Hamlet by William Shakespeare | Shakespeare’s Globe, London | €5
I always try to bring a book with me when I travel, especially if the trip entails waiting at an airport. This pocket-sized version of William Shakespeare’s Hamlet was one of the things that my sister and her husband brought home for me from their trip to Shakespeare’s Globe in London, and I think it’s the perfect book to bring to my trip to Singapore. It won’t take up space in my hand-carried bag, which means I won’t make the mistake of checking it in with my luggage. (I had learned this lesson the hard way.)
I had Mother’s Day to talk about Moms and Father’s Day to talk about Dads. But what about the most contentious familial relation found in Shakespeare – Are there any good brothers out there? I’ve found five, and here they are! And, just because there’s such rich variety to choose from on the other side of things, look out for Monday’s episode, where I will be counting down Shakespeare’s top five WORST brothers. Lots of competition, see if you can guess who will be on there!
The Shakespeare Minute: In this (video filmed when I was in Stratford! why deprive you of the wondrous view of my erstwhile hotel room?) I discuss the gloriously bizarre play “Fortinbras” by Lee Blessing. Enjoy!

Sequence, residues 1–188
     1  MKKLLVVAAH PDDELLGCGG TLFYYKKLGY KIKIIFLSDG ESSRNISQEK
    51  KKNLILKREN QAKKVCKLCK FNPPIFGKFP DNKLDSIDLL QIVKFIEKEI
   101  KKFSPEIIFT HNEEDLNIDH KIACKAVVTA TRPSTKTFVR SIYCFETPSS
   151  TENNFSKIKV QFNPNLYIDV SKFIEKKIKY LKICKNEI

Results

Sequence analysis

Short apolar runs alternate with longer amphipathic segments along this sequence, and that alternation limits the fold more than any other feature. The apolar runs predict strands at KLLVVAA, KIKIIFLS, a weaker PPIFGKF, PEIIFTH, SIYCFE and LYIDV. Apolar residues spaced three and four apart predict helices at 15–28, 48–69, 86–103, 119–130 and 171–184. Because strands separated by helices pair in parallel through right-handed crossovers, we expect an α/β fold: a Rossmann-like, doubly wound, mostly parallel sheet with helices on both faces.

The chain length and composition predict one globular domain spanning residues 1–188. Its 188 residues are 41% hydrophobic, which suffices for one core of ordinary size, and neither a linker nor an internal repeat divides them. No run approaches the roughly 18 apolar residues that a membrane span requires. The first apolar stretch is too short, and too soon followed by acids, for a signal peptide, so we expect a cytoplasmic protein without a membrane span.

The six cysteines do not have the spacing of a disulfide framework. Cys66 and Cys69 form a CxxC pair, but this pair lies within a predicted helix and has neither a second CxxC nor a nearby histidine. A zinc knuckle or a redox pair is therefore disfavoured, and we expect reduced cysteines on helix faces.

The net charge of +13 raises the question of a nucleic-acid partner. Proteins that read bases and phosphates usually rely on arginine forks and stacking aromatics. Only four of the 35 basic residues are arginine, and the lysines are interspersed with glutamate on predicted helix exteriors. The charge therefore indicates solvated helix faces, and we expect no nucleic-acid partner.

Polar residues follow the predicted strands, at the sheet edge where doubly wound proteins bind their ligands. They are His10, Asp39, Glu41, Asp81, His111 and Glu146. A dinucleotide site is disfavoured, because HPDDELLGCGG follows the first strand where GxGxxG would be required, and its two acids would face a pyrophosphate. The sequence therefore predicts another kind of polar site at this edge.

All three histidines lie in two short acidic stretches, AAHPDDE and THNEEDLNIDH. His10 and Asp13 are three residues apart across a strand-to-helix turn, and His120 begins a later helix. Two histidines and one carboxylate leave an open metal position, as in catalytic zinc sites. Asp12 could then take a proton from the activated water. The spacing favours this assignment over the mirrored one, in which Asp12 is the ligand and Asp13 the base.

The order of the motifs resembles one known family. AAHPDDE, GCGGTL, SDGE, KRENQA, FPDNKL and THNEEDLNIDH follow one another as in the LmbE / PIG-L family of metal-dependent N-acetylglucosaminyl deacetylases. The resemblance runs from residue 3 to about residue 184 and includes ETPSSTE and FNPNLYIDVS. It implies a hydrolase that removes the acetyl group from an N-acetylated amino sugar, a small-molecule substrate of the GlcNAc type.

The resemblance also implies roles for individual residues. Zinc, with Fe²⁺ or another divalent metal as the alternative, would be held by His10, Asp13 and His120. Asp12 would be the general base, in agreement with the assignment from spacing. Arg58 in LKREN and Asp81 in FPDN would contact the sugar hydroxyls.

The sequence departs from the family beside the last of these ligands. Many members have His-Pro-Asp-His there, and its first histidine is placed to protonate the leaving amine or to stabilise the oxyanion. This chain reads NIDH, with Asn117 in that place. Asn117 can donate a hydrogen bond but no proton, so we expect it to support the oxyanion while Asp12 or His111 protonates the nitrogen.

Shakespeare uses Greek mythology in his plays all the time, and the references he uses serve to illuminate the overarching themes of the moment - here’s the myth of the demigod Phaeton, and how it’s used in four different Shakespeare plays.
The Shakespeare Minute: In “Romeo and Juliet,” there’s a climactic fight scene between Mercutio and Tybalt, two men who… had no interaction before that moment? Why exactly are they on such a collision course then? I investigate why in the latest installment of “Shakespeare Themes”.
Iago’s motivations and jealousies, grounded in his Act I Scene I introduction, yield many moments to be mined in the rest of the play. In this episode, I posit that Iago’s motivations revealed therein are distressingly understandable for a modern audience.
In this episode, I discuss the selection of my moniker “Cassius”, both from the artistic and personal perspectives. And speaking of “Cassius”, here is a selection of other places where you might follow me for even more Shakespearey goodness!